Given that the demand and supply gap is widening with every passing day, how was your experience operating the exchange Have utilities, generators, distribution, regulators and policy makers accepted the fact that power exchanges are here to stay
Indian energy Exchange (IEX) is Indias first-ever, nationwide, automated, and online electricity trading platform. It is also the first power exchange in the world where supply falls short of demand. All exchanges around the globe have substantial spinning reserve. Since 2004, we have taken lead in canvassing the need for power exchange, primarily for attracting new investment for capacity addition. Price discovery is incidental.
All the stakeholders and policy makers, including regulators have shown faith in the exchange. The fact that IEX has attracted 170 participants in 14 months of operation speaks for itself. Recently, Forum of Regulators comprising of chairpersons of all Regulatory Commissions in the country visited IEX for a hands-on experience of the new concept. Similarly, Central Electricity Authority chairman and his team visited IEX for understanding its detailed working and new products. The power ministry is supportive and appreciates IEX. Our flawless operations with clock-work precision have helped in the acceptance of the concept of power exchange in India.
What is the turnover achieved since its inception and forecast for 2009-10
IEX since its inception on June 27, 2008 till March 31, 2009, has traded 2.6 billion units (kWh). For the period between April 1, 2009 and September 30, 2009, we expect the trade volume to be over 2.2 billion units (kWh).
What are the products being offered When can you break even
We started with a day-ahead market. In September 2008 we applied for term-ahead market. We got the approval and launched day-ahead contingency, intra-day, daily and weekly contracts on September 15, 2009. We did seek permission for month-ahead market which has not been approved as of now. After it is approved, we should be able to attract adequate volumes.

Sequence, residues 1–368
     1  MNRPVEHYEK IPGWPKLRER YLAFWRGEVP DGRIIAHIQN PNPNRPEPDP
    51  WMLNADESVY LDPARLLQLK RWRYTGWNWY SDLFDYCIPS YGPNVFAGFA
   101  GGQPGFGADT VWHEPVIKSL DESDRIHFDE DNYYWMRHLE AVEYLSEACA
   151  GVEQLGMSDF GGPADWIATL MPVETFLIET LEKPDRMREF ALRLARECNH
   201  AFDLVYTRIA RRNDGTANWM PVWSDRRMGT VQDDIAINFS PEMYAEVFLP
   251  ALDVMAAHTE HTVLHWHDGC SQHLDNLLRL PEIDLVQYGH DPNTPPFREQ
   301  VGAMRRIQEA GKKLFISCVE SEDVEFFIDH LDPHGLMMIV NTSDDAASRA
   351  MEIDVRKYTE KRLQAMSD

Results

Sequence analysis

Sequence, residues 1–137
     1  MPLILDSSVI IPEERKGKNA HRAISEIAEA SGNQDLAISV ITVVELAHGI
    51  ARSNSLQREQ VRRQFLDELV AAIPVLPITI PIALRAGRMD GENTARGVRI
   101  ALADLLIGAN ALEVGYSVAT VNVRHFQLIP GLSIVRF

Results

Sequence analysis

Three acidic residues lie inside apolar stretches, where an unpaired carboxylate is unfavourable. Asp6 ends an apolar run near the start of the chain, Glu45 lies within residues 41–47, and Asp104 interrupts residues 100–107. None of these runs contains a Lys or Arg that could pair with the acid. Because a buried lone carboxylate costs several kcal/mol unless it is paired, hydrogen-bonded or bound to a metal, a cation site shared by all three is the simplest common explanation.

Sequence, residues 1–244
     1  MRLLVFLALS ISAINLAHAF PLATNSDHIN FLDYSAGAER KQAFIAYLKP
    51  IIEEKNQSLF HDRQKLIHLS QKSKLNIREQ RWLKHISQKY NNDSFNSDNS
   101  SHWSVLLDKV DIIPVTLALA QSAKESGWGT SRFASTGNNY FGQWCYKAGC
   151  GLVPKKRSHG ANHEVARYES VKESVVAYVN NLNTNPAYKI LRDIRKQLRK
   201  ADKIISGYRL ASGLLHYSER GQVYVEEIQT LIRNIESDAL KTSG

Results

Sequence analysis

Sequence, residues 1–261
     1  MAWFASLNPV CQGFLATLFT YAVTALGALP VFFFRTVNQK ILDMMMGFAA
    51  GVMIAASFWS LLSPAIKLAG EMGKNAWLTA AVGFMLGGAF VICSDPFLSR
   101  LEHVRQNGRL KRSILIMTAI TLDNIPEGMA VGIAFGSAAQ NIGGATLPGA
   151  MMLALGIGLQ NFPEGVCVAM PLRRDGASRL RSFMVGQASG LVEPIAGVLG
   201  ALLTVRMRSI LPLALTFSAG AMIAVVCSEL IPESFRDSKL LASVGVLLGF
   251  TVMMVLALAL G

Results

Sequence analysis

What major regulatory and policy hurdles the exchange is facing
One should understand that an exchange is a self regulating institution and hence it should be given adequate latitude for innovation in market development in a deficit scenario. Comparison and precedences of the exchanges operating in surplus scenario in western world. Regulating exchanges in this power starved country is self defeating.
Certain key clauses of Electricity Act, 2003, need to be understood and implemented. The provision under the clause of 86.1 (a), shifts open access category of consumers from regulated tariff to market prices. This model of compulsory shifting of large consumers in a phased manner to market prices is being followed by the developed countries for competitive market development. This, if followed here, would accelerate the development of power sector.
Faster development of market and right signal to the investor will only control higher prices. The price ceiling gives negative signals to the investor community and financial institutions.
The turnover at your exchange has been quite low than what was expected by you. What are the reasons behind this
We expected to have some descent time limit for introducing new products. However, it has taken one year to get regulatory clearances. Month-ahead contracts are yet to be approved.
Whats the way forward Are you seeking more equity participation and attracting more members
We continue our endeavor to create awareness and reach out to all stakeholders to bring them on the platform. As far as I understand, power sector would follow housing sector in India. Three decades ago the housing stock was unavailable. At some point of time government started constructing the DDA Housing Board. Gradually the broker/builder/developer community got engaged along with self help groups (cooperative societies). Today, promoters are developing new cities in the most competitive manner rather than just constructing one building. The power sector, too, will follow suit.